AEROSOL REDUCTION MAY BE LASER DENTISTRY’S MOST PUBLICIZED ADVANTAGE RIGHT NOW, BUT SOLEA USER DR. JAIME BREMNES EXPLAINS WHY THE TECHNOLOGY’S OTHER CORE VIRTUES HAVE BECOME MORE MEANINGFUL IN THE WAKE OF COVID-19.
AS DENTAL PRACTICES prepare to play catch-up in unfamiliar new circumstances, Dr. Jaime Bremnes is less apprehensive than others. She has a firm handle on what’s going to make her patients and team members safe and comfortable, even though her practices are located in and around New York City, site of the nation’s most explosive Covid-19 outbreak. One key element is laser dentistry, which she has practiced for some time but which now takes on new significance.
“It’s nice not to have to worry as much about production right now,” says Dr. Bremnes—a member of the Incisal Edge 40 Under 40 in 2019—in early June, as she’s getting ready to reopen. “The Solea laser allowed us to run ahead of schedule prior to the pandemic, so even factoring in new safety protocols, we’ll have efficient patient flow. That really allows us to focus on what’s most important.”
“The Solea laser allowed us to run ahead of schedule prior to the pandemic, so even factoring in new safety protocols, we’ll have efficient patient flow. That really allows us to focus on what’s most important.”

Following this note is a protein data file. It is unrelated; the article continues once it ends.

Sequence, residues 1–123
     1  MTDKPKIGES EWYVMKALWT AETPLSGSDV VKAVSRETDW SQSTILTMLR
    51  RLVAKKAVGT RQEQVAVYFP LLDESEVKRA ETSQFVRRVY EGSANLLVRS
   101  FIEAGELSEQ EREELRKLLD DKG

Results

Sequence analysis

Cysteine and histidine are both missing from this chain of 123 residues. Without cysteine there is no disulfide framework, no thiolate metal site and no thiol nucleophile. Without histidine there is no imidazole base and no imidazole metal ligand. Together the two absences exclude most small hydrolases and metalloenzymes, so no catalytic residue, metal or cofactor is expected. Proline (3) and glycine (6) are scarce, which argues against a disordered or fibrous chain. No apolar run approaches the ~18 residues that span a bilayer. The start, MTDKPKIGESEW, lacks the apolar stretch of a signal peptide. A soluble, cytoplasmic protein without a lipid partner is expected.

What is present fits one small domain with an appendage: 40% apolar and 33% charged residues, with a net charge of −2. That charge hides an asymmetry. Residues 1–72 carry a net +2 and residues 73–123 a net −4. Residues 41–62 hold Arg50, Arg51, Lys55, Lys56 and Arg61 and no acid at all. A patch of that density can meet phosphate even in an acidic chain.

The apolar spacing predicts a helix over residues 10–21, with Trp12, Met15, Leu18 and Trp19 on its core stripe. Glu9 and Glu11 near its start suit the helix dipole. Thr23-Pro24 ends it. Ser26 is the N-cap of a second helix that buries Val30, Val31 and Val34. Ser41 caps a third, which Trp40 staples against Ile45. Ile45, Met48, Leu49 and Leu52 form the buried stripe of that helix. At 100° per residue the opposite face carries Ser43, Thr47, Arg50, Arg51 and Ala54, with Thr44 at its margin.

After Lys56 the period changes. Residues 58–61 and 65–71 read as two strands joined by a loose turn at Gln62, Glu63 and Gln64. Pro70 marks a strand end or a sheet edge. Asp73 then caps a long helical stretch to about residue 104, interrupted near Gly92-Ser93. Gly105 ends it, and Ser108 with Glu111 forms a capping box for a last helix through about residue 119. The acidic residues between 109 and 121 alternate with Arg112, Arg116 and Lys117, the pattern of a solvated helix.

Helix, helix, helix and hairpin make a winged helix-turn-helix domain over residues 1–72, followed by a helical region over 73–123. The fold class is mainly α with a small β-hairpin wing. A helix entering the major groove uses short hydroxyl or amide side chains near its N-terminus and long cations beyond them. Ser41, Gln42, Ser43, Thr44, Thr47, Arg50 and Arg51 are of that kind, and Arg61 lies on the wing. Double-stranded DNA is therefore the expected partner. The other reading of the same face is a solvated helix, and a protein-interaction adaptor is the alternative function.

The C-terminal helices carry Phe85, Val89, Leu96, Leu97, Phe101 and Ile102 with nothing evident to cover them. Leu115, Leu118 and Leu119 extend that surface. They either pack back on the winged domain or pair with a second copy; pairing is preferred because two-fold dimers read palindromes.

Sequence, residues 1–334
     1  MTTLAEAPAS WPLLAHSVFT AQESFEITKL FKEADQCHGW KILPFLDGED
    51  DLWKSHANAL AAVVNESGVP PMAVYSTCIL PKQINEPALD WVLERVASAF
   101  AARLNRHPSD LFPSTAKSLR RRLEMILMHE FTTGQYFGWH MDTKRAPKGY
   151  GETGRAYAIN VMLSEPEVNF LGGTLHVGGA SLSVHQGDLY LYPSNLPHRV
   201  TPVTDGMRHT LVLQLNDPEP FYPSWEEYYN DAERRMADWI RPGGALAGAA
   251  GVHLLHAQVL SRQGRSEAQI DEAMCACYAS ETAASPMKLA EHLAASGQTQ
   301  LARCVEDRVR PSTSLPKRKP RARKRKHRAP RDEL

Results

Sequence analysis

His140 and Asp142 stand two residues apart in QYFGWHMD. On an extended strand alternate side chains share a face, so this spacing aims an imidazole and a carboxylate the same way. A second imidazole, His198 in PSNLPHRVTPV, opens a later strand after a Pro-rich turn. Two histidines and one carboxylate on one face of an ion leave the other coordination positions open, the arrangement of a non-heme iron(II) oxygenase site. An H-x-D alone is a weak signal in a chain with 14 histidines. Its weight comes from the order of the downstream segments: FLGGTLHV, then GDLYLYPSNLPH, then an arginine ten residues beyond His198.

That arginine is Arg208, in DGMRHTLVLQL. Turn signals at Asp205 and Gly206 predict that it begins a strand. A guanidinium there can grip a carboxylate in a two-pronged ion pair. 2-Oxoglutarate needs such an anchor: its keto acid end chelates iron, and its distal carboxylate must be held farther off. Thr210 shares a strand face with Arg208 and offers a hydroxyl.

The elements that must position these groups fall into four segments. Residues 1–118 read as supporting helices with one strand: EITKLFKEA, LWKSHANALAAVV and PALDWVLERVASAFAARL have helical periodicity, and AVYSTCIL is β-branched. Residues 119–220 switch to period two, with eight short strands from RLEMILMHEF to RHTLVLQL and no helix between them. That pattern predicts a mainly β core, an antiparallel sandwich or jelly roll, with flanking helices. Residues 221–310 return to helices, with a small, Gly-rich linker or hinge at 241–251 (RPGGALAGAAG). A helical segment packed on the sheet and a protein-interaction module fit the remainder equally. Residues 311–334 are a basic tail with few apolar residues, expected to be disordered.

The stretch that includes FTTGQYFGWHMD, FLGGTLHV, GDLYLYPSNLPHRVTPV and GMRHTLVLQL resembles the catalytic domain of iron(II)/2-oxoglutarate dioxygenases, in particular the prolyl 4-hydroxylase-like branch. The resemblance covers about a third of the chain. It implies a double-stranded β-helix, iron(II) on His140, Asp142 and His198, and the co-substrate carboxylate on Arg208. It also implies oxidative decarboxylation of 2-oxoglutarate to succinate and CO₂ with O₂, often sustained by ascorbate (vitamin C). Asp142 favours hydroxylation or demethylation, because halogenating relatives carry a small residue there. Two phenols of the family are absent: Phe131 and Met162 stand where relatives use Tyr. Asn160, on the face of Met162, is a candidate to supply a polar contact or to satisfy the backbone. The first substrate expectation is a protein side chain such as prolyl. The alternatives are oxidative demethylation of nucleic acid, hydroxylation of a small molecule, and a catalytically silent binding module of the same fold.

First on that list, obviously, is safety, that of both patients and her team. “Less aerosol, less blood, shorter visits, no need to wait for anesthesia,” Dr. Bremnes says. “Those are obvious advantages from our perspective, but patients are very quick to understand too. They’re receptive to the whole idea of laser dentistry and pain-free procedures in normal circumstances, and even more so now.”
Clinically, she believes the Solea laser is simply better for patients: “Anything we can do to create a more aseptic environment is going to be advantageous when placing a restoration.” According to the manufacturer, Solea heats the tooth surface to 1,200 degrees Celsius, enough to kill any virus or bacteria with which the beam comes in contact. “Factor in the increased use of dental dams, suction and enhanced PPE, and I personally don’t feel trepidation about getting back to work.”
Is a laser-like the Solea a good investment, even if a dentist is purchasing it solely in response to the pandemic? In most cases, Dr. Bremnes says, she thinks it is. “Even if someone’s reason for buying one is 100 percent safety, I don’t believe they’d be let down. They’ll be floored once they actually start using it.”
That’s one thing that makes the days ahead seem brighter after an unprecedented shutdown, she says: “Until now, three weeks is the longest I’ve been away—for maternity leave.”